The security agencies could do more in curbing the crime of kidnapping
When the Niger Delta militants kidnapped a few expatriate oil workers in the creeks in 2005 to protest the negligence of the region by successive governments at the centre, little did anyone imagine that in just 10 years, the act would become a menacing career for criminals. That exactly is what has happened. Across the land, the act of kidnapping for ransom has become a growing industry such that hardly a day passes without the report of one kidnap or the other.
However, in recent times, the kidnap of traditional rulers has become the latest attraction for these criminals. OnJanuary 21 this year, the body of an Obulu Uku monarch in Aniocha North Local Government Area of Delta State, HRM Obi Akaeze Ofulue111, was found in a thick bush somewhere around Edo State. He was 52. The monarch had been kidnapped on January 5 along Obio/Igbodo road, within his Kingdom. Some Fulani herdsmen were reported to have been arrested in connection with the kidnap and eventual murder of the king.
The list of endangered monarchs is long. On January 29, the traditional ruler of Olomoro community, in Isoko-South Local Government Area, HRM Isaiah Aghaza 1 was kidnapped and whisked away by some men in an SUV car. Few days after, kidnappers again struck in Imo State when the monarch of Nguru Nweafor community in Aboh-Mbaise Local Government Area, HRM Oswald Anyanwu, was abducted.
The monarchs, perhaps unsure of any other official means of enforcing their will, resorted to using unorthodox means in getting their colleagues released. Now traditional rulers, like ordinary mortals, literally live in fear. Yet in all cases, the police appear helpless. The governing mercantile logic among the kidnappers must be that the abduction of monarchs is bound to attract huge attention and sympathy, which could in turn translate to heftier ransoms from the monarch’s subjects.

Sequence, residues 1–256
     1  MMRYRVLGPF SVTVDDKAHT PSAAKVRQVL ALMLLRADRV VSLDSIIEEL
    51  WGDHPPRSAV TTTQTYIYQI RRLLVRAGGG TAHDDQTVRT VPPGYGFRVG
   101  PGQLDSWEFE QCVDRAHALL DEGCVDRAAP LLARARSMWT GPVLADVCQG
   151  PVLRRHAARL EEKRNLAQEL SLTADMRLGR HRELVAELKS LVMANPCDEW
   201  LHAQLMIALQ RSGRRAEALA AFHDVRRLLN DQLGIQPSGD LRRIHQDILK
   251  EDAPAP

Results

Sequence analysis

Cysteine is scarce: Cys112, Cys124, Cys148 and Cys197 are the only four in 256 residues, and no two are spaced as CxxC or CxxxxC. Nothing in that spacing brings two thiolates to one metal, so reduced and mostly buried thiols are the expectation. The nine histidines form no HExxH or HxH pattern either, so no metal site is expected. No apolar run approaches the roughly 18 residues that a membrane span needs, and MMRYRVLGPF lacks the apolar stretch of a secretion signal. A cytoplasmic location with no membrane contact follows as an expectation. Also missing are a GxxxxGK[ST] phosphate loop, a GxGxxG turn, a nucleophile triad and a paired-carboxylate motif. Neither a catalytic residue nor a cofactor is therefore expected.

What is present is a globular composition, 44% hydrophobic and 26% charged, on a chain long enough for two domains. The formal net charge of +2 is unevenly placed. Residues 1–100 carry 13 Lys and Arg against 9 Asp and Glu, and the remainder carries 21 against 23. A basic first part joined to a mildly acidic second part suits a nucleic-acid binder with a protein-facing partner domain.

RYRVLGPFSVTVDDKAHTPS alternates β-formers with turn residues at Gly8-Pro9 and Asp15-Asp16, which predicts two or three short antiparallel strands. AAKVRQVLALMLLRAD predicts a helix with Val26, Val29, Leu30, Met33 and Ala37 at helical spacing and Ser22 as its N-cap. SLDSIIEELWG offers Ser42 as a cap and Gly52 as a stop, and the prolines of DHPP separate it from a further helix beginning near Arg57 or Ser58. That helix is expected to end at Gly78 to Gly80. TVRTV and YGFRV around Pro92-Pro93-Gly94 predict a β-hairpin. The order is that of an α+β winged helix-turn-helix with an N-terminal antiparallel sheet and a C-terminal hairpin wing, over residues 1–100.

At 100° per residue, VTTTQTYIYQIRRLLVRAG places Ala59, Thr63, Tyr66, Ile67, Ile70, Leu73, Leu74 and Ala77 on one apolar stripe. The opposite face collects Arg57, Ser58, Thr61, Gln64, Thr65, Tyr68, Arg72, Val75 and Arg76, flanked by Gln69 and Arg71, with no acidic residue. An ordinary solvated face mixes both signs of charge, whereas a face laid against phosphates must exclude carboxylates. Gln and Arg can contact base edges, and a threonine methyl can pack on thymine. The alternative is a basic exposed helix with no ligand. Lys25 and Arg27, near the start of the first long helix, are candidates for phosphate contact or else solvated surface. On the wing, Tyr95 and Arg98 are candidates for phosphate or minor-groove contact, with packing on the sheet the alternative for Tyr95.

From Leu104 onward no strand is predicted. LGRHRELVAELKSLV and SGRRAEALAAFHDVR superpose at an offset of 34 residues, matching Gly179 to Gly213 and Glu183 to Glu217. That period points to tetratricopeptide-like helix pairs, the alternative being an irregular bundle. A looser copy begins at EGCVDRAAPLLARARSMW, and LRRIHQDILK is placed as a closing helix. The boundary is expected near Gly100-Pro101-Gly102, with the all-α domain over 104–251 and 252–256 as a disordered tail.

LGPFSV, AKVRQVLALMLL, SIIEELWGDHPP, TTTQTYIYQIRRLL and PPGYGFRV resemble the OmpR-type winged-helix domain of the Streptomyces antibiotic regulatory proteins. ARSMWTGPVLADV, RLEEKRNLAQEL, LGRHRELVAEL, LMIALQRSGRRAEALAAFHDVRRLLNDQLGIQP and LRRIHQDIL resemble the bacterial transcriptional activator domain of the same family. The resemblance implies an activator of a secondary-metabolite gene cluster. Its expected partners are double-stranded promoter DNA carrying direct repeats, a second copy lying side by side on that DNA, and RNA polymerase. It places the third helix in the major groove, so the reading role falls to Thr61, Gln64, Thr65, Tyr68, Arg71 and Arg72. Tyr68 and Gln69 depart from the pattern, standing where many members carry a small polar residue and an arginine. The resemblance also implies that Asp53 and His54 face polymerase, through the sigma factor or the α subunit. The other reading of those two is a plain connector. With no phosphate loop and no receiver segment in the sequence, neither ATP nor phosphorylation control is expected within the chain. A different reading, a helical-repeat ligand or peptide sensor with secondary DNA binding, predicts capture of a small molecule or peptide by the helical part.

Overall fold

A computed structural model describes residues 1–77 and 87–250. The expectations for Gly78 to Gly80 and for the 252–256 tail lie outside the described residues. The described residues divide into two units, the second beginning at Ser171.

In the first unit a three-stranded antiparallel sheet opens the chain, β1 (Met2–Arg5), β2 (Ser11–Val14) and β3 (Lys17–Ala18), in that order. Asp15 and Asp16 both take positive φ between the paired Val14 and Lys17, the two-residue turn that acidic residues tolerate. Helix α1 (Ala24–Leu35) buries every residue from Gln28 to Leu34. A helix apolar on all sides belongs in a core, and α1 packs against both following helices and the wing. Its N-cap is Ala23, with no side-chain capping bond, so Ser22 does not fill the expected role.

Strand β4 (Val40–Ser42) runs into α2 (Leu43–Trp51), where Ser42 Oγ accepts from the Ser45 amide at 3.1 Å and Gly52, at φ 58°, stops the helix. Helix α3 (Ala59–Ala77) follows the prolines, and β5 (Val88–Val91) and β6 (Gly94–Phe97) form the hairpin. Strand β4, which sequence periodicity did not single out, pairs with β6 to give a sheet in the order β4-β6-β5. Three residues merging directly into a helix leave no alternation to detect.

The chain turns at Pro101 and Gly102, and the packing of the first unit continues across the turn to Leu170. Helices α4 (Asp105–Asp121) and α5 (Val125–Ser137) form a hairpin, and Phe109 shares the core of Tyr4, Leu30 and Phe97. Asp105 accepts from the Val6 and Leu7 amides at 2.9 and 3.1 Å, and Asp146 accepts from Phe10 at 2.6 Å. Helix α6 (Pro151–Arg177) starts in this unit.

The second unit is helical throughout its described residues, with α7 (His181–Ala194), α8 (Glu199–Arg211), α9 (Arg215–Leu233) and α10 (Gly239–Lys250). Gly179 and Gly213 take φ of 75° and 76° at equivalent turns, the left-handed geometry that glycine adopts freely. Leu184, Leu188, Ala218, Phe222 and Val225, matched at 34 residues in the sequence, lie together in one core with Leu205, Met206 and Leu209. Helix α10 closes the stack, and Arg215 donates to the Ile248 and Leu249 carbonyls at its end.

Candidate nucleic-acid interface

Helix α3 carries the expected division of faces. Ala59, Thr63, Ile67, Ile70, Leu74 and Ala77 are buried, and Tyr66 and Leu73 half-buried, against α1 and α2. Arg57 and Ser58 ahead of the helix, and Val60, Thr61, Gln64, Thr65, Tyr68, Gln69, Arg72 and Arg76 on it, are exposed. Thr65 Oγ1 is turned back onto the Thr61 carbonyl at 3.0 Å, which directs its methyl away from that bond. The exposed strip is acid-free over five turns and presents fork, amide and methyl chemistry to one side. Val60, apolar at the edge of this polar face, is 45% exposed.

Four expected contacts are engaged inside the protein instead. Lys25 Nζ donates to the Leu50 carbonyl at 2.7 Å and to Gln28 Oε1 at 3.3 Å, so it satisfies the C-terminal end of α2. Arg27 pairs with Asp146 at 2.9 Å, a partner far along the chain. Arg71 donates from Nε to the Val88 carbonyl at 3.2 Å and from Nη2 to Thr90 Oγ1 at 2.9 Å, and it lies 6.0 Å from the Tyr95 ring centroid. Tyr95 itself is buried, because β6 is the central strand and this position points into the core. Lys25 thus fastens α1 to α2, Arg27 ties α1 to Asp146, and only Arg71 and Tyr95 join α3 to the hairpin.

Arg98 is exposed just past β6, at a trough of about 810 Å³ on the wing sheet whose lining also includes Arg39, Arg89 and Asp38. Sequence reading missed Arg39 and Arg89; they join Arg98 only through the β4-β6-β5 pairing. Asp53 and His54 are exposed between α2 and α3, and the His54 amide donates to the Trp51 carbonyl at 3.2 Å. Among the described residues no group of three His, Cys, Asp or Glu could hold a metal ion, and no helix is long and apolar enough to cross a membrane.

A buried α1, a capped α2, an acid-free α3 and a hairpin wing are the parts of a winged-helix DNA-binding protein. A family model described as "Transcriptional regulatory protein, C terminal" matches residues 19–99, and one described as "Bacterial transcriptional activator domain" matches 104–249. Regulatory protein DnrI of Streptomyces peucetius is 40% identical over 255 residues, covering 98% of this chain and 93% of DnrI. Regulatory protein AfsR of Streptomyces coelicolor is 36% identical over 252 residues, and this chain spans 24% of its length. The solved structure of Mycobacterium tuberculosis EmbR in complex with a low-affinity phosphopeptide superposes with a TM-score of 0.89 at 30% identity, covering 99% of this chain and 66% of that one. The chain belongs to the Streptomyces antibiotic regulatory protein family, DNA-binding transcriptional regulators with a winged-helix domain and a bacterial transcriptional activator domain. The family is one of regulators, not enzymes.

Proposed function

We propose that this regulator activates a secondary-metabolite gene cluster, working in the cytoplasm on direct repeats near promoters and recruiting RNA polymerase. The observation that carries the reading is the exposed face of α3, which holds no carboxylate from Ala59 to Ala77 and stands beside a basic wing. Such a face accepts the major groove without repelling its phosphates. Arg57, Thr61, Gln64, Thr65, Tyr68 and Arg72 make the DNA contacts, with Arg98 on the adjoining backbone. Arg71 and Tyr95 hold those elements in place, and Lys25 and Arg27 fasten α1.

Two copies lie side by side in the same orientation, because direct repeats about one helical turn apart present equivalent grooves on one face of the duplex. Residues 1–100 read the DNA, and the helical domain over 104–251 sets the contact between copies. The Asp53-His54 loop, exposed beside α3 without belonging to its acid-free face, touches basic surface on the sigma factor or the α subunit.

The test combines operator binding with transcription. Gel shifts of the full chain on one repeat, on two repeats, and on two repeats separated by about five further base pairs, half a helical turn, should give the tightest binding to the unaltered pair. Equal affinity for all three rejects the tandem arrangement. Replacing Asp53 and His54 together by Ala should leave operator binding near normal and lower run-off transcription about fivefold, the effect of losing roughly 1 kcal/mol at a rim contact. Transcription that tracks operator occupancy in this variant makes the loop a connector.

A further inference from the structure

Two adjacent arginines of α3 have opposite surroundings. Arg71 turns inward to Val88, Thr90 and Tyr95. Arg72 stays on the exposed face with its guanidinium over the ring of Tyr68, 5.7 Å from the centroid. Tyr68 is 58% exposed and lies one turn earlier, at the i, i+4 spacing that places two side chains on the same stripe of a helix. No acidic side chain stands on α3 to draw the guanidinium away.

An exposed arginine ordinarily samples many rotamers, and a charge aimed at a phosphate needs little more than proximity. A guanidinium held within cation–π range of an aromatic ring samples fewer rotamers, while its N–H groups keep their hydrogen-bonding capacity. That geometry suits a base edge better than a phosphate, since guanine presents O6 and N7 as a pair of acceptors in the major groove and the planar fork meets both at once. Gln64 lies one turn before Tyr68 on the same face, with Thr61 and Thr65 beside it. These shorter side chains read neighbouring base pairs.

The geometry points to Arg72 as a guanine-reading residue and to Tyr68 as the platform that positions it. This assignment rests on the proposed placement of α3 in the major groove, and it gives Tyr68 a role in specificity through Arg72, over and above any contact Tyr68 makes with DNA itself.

That traditional rulers who ordinarily are the custodians of traditional values and norms have become easy prey for kidnappers is an indication of how low society has lost its values and essence. But it is also a testimony to the increasing sophistication of these criminals that they could easily get to these royal fathers who are never alone.
But more worrisome is that too often, even when the security agencies are involved in the rescue bids of kidnapped persons, ransoms are still paid, after which the victims are then abandoned by their abductors for law enforcement agents to “rescue and recover”.
We worry about the ease at which kidnappers operate in our country today.
We worry even more that they now target traditional authorities. With the increasing sophistication of valued added services offered by communication networks especially the tracking system, we wonder why it is difficult for the police to monitor the calls being made by these criminals during negotiations for ransom. But whatever may be the case, we call on security agents to redouble their efforts in dealing with this dangerous trend that is fast turning our country into a huge jungle.
We must, however, highlight the fact that our various communities have a critical role to play in tackling this problem. Kidnappers are not ghosts. They are human beings and they live within communities. Now that traditional rulers have become targets, members of our various communities must realise they have a critical role to play in providing useful information to security agencies that should also begin to act with despatch.
They must act and in time in all cases. Above all, we call on government at all levels to begin to address social issues like unemployment and poverty which help to feed this crime. With ransom being paid for victims, kidnapping now seems to be a serious vocation for some idle hands.
QUOTE: With the increasing sophistication of value added services offered by communication networks especially the tracking system, we wonder why it is difficult for the police to monitor the calls being made by these criminals during negotiations for ransom